Ten Questions for photographer Peter van Agtmael
Magnum's W Eugene Smith Grant winner on the rigours of frontline reportage and photographic truth telling
Last week the 31-year-old American war photographer and Magnum Photos member Peter van Agtmael was awarded the W. Eugene Smith Memorial Fund Grant for Humanistic Photography. We caught up with him to discuss his Iraq and Afghanistan war series, Disco Night September 11, embedded reporting versus unilateral conflict coverage, if he sees himself as a reporter or an artist, and find out whether he's ever staged a shot.
You were born in Washington DC. Were you familiar with the workings of government from early on? Government is everywhere in DC. Friends of my family are involved in the power structure as well as some parents of friends when I was growing up. Currently, one of my closest friends is a federal prosecutor in DC and another recently finished work advising for a senator. I've come away from Washington feeling that the wielding of power is an essential but terrifying thing. Helping check the excesses and inadequacies of power was one of my main motivations in becoming a journalist. I was 20 when the 9/11 attacks occurred and 22 during the invasion of Iraq. About a year before 9/11, I decided I wanted to photograph in conflict zones. Those momentous events just crystallised the decision, and gave it direction. Still, it took a few years to prepare myself to go. It wasn't a decision I rushed. I was scared. When I went, I was ready.
You've shot images both while embedded with troops and independently of coalition troops. How do the two experiences differ? Embedding is like being in bizarro America. You speak English, eat American food, live with other Americans... And when you go outside the wire you are suddenly in a very different reality. There is a lot of tension and suspicion, and often the looming threat of attack. Being unilateral requires a different set of precautions, but it's more human. Most Iraqis and Afghans appreciate a curious stranger traveling outside the umbrella of the military, and they are usually welcoming, open and protective. The next stage of my project will be fully unilateral.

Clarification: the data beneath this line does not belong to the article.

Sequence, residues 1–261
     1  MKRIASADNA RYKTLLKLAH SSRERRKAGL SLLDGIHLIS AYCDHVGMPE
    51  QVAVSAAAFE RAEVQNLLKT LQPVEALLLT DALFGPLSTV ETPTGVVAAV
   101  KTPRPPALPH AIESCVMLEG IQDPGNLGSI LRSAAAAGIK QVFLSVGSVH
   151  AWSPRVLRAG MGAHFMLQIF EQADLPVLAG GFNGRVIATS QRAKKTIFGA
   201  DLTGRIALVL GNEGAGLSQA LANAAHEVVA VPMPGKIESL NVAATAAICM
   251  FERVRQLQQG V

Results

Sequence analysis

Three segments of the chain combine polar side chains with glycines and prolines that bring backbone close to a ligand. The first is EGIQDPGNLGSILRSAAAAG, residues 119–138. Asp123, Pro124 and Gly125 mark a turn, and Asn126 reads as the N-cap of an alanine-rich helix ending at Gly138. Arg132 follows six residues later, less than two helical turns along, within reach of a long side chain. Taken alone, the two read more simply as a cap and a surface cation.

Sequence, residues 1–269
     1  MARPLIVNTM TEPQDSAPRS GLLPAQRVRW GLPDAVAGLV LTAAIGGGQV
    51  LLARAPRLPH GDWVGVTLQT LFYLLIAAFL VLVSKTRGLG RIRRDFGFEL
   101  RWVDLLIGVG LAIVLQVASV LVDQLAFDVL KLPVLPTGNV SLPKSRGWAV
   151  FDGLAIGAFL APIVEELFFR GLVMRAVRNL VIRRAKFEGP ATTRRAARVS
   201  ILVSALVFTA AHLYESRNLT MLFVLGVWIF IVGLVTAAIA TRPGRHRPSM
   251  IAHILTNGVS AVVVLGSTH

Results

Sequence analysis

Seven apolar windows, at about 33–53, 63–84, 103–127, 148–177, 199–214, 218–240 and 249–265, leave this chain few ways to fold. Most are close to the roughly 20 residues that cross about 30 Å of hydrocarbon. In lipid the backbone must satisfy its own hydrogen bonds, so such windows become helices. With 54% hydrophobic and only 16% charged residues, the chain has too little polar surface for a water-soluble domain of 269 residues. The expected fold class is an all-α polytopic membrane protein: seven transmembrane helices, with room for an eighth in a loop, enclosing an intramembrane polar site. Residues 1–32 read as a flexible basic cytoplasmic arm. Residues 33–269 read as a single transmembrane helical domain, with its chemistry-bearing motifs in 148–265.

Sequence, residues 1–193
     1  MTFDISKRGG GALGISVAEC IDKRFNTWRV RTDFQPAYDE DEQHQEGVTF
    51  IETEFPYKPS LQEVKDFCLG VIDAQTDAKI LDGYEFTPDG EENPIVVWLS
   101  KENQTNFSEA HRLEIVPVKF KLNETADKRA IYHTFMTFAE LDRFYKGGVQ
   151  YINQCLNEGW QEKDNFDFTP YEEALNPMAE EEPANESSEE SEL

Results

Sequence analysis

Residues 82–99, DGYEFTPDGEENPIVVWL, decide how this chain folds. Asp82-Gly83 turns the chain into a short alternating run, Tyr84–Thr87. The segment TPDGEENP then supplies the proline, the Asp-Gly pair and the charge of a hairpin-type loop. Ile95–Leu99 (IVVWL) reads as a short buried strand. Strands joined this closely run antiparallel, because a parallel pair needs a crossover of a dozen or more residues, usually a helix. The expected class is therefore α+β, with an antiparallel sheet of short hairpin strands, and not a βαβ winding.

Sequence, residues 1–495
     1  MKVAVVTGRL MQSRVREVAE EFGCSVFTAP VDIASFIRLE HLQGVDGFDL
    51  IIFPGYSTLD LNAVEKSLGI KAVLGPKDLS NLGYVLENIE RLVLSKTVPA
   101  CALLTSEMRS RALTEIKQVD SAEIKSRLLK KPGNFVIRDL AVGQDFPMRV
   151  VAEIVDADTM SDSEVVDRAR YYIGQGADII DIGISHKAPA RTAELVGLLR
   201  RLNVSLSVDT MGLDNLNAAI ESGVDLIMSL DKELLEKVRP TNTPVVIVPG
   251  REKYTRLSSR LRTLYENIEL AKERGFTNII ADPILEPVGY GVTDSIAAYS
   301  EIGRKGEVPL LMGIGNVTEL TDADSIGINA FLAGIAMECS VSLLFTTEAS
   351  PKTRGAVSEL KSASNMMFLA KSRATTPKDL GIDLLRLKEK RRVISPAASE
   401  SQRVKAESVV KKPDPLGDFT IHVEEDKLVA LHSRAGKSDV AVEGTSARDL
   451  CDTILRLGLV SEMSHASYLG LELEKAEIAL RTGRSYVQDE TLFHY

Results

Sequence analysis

Why did you entitle this war reportage project Disco Night September 11? The title came from a sign I photographed in Hopewell Junction, NY in 2010. I was a few weeks back from a trip to Iraq. I was feeling a little detached, as I often feel when returning from war zones. To me, the sign symbolized how quickly these wars have faded from the collective consciousness. Meanwhile, they grind on and have permanently altered the lives of millions. That burden is on all of us, yet mostly we refuse to acknowledge it. We are a dangerous country at times. We can be easily seduced by war, and we just as easily forget about it when it comes too close to threatening our distorted sense of national identity. I love America but it scares the hell out of me.
In your supporting statement for the W Eugene Smith Grant, you said your coverage of the Iraqi and Afghanistan wars will become your life's work. When did you realise this was the case? I think I've realised it slowly over time. The deeper I go into the subject, the deeper I want to go. I've explored a lot of other things but they haven't hooked me in the same way. Still, I like to explore different subjects and places as much as possible. I try to balance my need to cover these wars with the realities of living an emotionally healthy existence. For a while I was in too deep, and that just wasn't sustainable.
You also wrote that "it is tremendously rare and difficult to get magazines to fund intimate stories that look at the civilian side of conflicts". Is this a recent development, or has it always been difficult? I don't really know. I haven't been working professionally for long enough to say. There was more money and fewer photographers a few decades ago, but I think quiet little stories are never an easy sell. Most major publications are reflections of society. Society wants to read uplifting stories about itself, and has a short attention span. Also, as a democracy, these now-unpopular wars incriminate all of us. I think that this critical point is sub-consciously understood. Unfortunately, most people have absolved themselves of responsibility. They slap a 'support the troops' sticker on their car (or they used to, even that has faded away) and go about their day. Eleven years into war there isn't much desire left for dealing with painful truths. I think it will become important again in a few decades, when we are ready to reckon with it as a nation. At least that's what happened after Vietnam."